A grid reference is a way of defining a location within Great Britain.
It is usually an eight character item of the form

[2 Grid letters] [3 figures(easting)] [3 figures(northing)]

where the 2 Grid letters are the position in the picture on the right and the figures define a
location to within 100 metres.

The Ordnance Survey Grid Reference System lets you define any UK location
through the use of a map reference conforming to the following convention:

[2 Grid letters] [3 figures(easting)] [3 figures(northing)]

To arrive at this map reference, the United Kingdom is first divided into a series
of 100km squares.

Each 100km square is then given a unique two letter code such
as NT, SU, TQ, etc.

The approximate extent of each of these 100km squares is illustrated on the left.

Therefore the grid reference for any location in Wales always starts with one of the following:

SH, SJ, SM, SN, SO, SR, SS, ST

This indicates within which particular 100km square the location is to be found.

Much greater accuracy is of course required if the grid reference system is to be of any practical value. Each two letter 100km square is therefore subdivided by vertical and horizontal grid lines, at 10km intervals, to produce one hundred 10km squares.

The vertical line forming the left hand side of the 100km square is labelled zero.
Each successive vertical grid line within the 100km square is labelled in kilometres.

The horizontal line forming the bottom of the 100km square is also labelled zero.
Each successive horizontal grid line within the 100km square is labelled in kilometres.

Any intersection of a vertical and horizontal line within square SN is therefore so many
kilometres east of that squareâ€˜s zero point (the easting), and so many kilometres north of that
same zero point (the northing).

The centre point of square SN could therefore be said
to have a grid reference of SN 50 50.

Each 10km square within the SN square is then further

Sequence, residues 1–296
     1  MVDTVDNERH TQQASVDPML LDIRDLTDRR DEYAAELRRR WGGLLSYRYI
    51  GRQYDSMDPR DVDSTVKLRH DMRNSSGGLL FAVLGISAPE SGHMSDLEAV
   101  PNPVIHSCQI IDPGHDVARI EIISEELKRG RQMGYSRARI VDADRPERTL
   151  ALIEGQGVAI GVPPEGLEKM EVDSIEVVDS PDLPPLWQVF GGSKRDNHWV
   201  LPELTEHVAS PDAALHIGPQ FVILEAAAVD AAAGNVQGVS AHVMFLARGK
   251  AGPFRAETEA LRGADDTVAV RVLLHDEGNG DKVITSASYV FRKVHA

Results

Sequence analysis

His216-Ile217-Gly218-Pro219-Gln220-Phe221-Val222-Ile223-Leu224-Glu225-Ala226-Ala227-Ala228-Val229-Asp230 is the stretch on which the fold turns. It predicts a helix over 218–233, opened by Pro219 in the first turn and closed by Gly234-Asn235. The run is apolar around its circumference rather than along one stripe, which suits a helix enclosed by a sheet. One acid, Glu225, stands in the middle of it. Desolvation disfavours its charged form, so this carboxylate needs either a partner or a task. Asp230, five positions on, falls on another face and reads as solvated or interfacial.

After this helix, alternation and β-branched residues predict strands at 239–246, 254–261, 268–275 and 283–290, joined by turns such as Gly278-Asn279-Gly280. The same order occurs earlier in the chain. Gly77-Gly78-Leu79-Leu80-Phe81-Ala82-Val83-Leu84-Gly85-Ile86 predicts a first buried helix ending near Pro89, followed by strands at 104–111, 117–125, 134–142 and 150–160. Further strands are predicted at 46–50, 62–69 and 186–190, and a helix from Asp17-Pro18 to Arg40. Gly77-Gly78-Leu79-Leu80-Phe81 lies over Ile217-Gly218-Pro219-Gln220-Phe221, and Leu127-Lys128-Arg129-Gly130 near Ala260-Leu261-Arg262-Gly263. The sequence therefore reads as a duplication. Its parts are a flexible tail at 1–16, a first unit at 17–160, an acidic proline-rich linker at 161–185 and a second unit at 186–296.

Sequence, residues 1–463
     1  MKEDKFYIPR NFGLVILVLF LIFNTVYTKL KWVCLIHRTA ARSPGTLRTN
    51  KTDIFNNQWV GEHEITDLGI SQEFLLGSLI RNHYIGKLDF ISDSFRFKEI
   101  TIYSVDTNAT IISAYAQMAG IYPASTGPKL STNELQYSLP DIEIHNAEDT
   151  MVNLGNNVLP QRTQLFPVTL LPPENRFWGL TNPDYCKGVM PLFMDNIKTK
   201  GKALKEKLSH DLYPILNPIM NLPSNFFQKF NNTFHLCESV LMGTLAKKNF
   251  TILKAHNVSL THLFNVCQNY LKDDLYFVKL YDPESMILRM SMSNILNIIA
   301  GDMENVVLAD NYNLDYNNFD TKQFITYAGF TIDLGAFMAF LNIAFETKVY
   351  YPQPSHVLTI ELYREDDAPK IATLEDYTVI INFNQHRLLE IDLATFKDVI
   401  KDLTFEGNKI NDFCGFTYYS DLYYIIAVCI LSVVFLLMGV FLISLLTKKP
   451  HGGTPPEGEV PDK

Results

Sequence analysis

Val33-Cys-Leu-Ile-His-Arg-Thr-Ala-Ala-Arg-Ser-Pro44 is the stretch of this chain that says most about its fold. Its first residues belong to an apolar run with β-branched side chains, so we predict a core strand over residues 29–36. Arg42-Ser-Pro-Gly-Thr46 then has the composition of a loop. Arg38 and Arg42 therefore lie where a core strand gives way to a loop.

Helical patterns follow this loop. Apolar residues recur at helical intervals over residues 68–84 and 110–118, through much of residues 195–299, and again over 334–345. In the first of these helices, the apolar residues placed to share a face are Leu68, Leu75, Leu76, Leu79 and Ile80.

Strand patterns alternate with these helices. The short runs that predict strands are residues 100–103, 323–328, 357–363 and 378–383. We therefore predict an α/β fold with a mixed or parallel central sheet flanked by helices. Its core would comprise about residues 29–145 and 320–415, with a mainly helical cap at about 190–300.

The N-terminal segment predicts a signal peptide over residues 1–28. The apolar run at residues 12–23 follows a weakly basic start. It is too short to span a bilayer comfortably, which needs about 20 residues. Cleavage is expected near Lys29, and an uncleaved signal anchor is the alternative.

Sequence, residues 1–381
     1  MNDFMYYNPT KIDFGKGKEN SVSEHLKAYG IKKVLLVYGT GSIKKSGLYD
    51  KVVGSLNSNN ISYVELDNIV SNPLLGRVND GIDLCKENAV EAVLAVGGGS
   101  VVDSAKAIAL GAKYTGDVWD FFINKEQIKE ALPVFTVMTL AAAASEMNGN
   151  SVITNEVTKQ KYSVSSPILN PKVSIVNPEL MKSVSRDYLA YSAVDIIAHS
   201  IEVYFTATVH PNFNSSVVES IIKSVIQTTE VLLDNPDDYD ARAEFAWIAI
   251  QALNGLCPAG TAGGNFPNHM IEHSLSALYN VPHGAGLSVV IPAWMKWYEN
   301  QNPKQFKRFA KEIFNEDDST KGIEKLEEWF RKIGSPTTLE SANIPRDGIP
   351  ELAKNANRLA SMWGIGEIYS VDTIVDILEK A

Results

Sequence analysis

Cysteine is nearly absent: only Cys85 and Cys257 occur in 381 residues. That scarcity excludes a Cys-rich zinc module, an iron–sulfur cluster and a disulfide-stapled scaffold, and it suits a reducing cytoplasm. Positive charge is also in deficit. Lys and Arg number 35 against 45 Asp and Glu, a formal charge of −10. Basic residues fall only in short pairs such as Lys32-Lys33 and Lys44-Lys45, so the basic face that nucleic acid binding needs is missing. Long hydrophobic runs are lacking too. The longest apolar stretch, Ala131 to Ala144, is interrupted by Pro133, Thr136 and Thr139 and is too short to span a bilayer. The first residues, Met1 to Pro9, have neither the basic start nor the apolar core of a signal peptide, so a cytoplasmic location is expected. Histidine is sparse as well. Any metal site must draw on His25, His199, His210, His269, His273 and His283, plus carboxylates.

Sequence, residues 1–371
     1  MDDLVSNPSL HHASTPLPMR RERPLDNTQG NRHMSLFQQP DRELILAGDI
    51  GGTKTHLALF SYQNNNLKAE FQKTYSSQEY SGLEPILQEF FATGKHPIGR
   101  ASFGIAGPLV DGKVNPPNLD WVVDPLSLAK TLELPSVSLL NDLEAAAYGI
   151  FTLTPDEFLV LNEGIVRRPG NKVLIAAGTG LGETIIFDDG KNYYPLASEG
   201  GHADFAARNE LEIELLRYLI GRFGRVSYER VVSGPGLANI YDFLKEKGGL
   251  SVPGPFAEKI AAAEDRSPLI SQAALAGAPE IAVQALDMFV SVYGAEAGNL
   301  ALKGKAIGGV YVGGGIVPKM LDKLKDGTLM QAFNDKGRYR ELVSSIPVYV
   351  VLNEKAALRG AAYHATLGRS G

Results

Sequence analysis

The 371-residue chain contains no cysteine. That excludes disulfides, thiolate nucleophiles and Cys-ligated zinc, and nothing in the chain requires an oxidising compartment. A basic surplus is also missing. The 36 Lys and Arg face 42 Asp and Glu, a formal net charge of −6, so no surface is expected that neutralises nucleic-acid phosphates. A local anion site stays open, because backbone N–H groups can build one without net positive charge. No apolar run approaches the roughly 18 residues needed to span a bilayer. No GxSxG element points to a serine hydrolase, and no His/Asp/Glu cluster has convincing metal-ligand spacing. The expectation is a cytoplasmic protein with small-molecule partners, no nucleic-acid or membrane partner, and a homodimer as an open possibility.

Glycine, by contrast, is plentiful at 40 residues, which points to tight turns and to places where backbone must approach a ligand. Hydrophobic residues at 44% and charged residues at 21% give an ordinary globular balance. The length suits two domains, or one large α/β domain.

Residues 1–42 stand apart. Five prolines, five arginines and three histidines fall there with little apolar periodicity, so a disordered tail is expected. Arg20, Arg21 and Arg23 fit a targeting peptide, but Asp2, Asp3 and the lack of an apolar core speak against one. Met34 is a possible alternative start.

subdivided into a hundred 1km squares.

The diagram on the left is an enlarged view of the four 10km squares in the bottom left hand
corner of the SN square shown above.

The first 10km square is subdivided by vertical
and horizontal grid lines at 1km intervals.

The centre point of this 10km square could be said to have a grid reference
of SN 05 05.

To accurately establish the grid reference of the adjacent black dot
, a further 10 x 10 grid must be superimposed on the 1km square within which the dot is located.

The dot can then be seen to be 4.5km east of zero (easting), and 5.5km north
of zero (northing) within grid SN.

So its grid reference would be SN 045 055.

Explorer maps are amongst the most useful, for walking,
Ordnance Survey maps published.
They use a scale of 1:25 000 (4cm to 1km), and follow the general principal of the grid system
discussed above.

If only one 100km square is covered by a map, the two letter code
for that square can usually be found in each corner of the map. If more than one 100km square
is covered, the relevant two letter codes are usually clearly printed where the 100km squares
meet.

Each 10km square shown on a map is further subdivided into
one hundred 1 km squares. The squares are formed from blue grid lines, spaced 1 km apart.

The eastings are marked along the top and bottom edges of each map, and the northings
down the sides of each map.

When defining a location,
like the start of a walk, use the following convention for all OS Grid References:

[2 Grid letters] [3 figures(easting)] [3 figures(northing)]